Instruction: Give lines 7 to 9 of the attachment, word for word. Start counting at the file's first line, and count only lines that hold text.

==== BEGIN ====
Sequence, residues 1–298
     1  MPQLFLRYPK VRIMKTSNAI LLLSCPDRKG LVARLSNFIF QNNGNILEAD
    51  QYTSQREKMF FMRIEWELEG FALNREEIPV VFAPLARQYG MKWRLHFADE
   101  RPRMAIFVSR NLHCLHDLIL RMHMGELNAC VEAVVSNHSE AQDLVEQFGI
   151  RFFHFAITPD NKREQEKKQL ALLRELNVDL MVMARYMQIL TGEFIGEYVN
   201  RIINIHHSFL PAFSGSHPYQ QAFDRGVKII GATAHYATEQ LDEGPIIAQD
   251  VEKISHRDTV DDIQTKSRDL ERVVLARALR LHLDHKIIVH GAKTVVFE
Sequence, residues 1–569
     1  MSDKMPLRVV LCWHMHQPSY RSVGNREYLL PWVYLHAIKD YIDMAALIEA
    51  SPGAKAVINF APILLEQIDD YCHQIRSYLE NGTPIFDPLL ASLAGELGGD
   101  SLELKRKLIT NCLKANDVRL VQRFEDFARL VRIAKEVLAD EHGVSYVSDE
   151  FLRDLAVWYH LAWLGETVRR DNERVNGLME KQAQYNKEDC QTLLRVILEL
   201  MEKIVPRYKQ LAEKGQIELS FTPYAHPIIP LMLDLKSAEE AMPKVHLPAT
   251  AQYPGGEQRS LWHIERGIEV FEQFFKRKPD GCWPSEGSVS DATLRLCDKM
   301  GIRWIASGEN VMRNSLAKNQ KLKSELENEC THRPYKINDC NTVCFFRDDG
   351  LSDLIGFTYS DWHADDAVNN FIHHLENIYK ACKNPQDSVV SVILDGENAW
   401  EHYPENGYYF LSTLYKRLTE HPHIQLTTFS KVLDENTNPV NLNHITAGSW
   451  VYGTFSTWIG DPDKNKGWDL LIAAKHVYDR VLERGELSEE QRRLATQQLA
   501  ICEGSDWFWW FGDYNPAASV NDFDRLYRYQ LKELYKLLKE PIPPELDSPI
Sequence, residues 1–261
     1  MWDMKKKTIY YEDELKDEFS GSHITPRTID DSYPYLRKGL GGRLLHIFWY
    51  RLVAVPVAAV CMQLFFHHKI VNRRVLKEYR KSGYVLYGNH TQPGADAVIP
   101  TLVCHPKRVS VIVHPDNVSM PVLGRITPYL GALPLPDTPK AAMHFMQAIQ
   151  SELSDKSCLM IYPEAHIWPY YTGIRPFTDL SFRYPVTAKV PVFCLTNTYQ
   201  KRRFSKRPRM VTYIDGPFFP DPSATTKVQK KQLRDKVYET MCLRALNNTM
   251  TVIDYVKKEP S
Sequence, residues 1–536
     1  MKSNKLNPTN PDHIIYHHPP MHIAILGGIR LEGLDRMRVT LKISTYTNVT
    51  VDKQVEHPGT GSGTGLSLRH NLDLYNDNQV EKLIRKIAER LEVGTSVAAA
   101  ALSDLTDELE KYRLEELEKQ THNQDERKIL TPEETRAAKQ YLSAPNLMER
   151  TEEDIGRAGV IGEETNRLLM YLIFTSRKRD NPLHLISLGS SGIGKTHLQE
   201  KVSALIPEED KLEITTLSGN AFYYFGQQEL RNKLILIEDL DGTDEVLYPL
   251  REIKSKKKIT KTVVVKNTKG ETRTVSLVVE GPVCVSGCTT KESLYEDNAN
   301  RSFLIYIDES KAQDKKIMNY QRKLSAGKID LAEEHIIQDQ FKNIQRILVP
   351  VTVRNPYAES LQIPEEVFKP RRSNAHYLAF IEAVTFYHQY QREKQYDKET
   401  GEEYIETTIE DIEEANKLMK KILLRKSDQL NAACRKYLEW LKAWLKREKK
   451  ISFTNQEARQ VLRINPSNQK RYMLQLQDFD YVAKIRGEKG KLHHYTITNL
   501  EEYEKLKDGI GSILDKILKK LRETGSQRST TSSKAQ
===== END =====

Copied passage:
   251  VEKISHRDTV DDIQTKSRDL ERVVLARALR LHLDHKIIVH GAKTVVFE
Sequence, residues 1–569
     1  MSDKMPLRVV LCWHMHQPSY RSVGNREYLL PWVYLHAIKD YIDMAALIEA